13. Roland GO:PIANO88
|Size Dimensions||50.56” x 11.5” x 3.43”|
|Touch Sensitivity||Three touch sensitivity level|
My Review: The Roland GO:PIANO88 keyboard piano is designed for musicians on the go. This is a great instrument for experienced players looking for a compact and portable second instrument or for aspiring musicians looking to develop their skills. Featuring a fully wireless operation through its optional battery power and Bluetooth connectivity, you can use this instrument from almost anywhere. Weighing only 15.5 pounds, this keyboard piano is one of the lightest on our list and is extremely portable. The biggest drawbacks to this instrument are its lack of fully weighted keys and its limited voices (it only offers four). If you’re not looking for fully-weighted keys and are primarily interested in piano tones, this is a great option and worth checking out.
Who Will Use This Most: This is a great first keyboard piano for aspiring musicians. Whether you’ve just booked your first gig and need a portable instrument, or you need a second instrument to take back and forth from sessions, the Roland GO:PIANO88 will meet your needs. Featuring Bluetooth connectivity and fully wireless operation through battery power, this keyboard piano significantly reduces set up and breakdown time. It also includes a built-in recorder so that you’re able to capture session ideas easily.
Bottom Line: The Roland GO:PIANO88 is a great keyboard piano for beginners and on-the-go musicians. It’s not stacked with features but does offer a fully wireless operation and is extremely portable.
14. Artesia PE-88
|Size Dimensions||55.5” x 14.5” x 7.5”|
|Keys||88-key semi-weighted keyboard with spring action|
|Touch Sensitivity||Five touch sensitivity option|
My Review: The Artesia PE-88 is a solid beginner keyboard piano that features great connectivity options. This full-sized digital piano features semi-weighted keys with five touch sensitivity options and over 130 sounds and instrument tones with solid sound quality. It also has a built-in two-track MIDI recorder as well as a microphone input with volume control, which are great features for gig musicians. If you’re looking for a good stage or studio keyboard piano at a low cost, this instrument is a great option.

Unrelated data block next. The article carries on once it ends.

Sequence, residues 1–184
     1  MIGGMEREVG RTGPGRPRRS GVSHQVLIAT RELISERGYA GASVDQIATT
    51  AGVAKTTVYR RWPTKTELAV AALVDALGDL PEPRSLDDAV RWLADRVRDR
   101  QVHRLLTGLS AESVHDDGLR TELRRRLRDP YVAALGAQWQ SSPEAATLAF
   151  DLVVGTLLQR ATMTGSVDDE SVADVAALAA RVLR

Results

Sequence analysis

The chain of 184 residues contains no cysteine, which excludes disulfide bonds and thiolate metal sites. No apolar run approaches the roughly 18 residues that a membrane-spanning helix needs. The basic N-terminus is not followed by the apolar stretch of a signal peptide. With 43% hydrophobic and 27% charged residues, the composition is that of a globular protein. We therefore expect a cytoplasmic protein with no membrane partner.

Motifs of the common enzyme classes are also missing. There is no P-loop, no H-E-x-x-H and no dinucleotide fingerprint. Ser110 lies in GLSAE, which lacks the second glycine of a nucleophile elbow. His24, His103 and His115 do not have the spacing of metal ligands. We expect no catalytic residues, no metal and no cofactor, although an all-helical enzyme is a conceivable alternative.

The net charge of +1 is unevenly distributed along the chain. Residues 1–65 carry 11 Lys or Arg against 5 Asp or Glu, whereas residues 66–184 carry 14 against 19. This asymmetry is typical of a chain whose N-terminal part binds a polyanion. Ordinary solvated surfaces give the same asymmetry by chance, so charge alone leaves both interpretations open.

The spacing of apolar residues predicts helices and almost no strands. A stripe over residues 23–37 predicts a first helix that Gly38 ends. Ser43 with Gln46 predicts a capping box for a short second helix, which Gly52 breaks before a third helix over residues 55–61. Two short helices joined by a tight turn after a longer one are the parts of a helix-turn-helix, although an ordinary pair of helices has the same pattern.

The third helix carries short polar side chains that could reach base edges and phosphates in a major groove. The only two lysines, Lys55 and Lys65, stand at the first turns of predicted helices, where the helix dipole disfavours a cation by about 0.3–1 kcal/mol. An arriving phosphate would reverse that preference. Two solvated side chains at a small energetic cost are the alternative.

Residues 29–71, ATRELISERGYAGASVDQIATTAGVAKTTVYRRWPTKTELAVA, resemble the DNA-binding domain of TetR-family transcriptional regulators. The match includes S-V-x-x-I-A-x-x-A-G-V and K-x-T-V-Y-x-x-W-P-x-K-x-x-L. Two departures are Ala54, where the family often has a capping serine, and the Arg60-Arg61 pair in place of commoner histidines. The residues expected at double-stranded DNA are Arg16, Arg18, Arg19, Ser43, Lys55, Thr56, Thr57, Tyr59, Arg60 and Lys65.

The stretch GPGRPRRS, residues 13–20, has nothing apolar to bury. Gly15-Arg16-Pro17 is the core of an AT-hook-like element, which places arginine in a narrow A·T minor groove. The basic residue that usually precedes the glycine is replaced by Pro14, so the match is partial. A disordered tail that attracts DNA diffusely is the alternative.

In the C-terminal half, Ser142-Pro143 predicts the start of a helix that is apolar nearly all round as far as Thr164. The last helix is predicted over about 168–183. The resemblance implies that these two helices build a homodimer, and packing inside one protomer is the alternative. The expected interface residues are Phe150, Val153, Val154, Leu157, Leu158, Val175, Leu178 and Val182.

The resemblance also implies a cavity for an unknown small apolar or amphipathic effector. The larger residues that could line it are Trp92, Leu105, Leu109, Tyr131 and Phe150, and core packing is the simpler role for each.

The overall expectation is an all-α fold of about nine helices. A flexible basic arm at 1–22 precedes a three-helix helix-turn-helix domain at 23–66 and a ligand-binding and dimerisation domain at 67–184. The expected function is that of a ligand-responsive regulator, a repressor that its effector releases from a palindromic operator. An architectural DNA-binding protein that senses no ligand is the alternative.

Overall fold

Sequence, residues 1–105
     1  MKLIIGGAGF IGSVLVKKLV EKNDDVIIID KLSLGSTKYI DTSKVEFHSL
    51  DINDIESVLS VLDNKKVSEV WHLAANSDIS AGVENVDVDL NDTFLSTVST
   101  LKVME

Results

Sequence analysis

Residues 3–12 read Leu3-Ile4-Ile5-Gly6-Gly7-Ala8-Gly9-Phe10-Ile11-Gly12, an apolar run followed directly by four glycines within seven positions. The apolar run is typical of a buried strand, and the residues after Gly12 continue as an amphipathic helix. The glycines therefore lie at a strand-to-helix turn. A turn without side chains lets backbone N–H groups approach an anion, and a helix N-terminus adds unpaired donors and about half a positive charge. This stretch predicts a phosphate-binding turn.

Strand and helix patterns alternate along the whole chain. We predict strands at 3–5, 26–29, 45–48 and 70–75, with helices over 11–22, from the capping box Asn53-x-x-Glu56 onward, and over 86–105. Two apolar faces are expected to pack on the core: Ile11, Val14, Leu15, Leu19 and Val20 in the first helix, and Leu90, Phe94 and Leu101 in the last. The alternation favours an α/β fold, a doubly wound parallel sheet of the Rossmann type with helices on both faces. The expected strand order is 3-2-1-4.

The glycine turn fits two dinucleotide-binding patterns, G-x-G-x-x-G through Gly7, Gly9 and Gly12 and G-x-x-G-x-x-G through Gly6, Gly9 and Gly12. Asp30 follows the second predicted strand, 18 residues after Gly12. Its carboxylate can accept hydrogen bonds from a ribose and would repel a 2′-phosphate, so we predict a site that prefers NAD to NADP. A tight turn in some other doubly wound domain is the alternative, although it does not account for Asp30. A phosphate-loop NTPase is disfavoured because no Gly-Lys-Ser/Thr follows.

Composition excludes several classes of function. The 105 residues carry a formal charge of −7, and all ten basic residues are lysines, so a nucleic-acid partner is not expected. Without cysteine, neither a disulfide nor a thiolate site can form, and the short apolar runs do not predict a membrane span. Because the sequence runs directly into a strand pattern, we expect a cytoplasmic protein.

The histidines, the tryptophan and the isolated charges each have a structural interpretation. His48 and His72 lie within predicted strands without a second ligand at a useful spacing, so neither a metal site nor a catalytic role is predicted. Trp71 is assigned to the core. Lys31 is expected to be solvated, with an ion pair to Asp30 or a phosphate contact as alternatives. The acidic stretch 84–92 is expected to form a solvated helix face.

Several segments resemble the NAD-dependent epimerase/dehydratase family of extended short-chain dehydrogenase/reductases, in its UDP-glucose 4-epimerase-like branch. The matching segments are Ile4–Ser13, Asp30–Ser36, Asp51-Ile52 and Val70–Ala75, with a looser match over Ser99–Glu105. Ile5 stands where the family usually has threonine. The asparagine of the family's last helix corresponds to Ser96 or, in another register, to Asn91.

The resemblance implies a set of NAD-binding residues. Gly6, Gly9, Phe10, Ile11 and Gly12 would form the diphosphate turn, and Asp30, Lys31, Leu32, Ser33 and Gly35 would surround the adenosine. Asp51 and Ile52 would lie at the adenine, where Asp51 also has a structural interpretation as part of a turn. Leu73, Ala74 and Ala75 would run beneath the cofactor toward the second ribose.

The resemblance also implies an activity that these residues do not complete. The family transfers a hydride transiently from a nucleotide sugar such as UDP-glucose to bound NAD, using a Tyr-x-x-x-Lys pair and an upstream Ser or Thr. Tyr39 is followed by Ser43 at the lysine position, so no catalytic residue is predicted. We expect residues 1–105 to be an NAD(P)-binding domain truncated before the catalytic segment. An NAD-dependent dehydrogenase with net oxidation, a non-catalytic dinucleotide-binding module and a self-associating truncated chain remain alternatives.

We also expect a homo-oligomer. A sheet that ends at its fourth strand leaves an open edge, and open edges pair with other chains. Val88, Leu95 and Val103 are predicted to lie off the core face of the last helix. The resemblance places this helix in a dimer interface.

Who Will Use This Most: The Artesia PE-88 is a great choice for aspiring musicians who are looking for an instrument to take back and forth from gigs and sessions. With great built-in connectivity options, over 130 tones and sounds, and onboard two-track recorder, this digital piano offers everything you need to get started as a gig performer at an extremely reasonable cost.
Bottom Line: A cost-effective option for musicians who are just starting out. This keyboard piano has great connectivity features, solid sound, and is compact and portable. If you’re looking for the best budget keyboard piano this should be a top contender.
15. Artesia Performer
|Size Dimensions||50” x 11” x 3.25”|
|Keys||88-key semi-weighted keyboard with spring tension action|
|Touch Sensitivity||5 Levels + Fixed|
My Review: The Artesia Performer is a great keyboard for beginners, especially those who haven’t played with weighted keys before. It’s a great instrument for those looking to make the transition from unweighted to fully weighted keys. This user-friendly keyboard is perfect for musicians looking to learn piano due to its compatibility with most music apps and learning software. If you’re looking for a cost-effective instrument to learn on, the Artesia Performer is a great choice.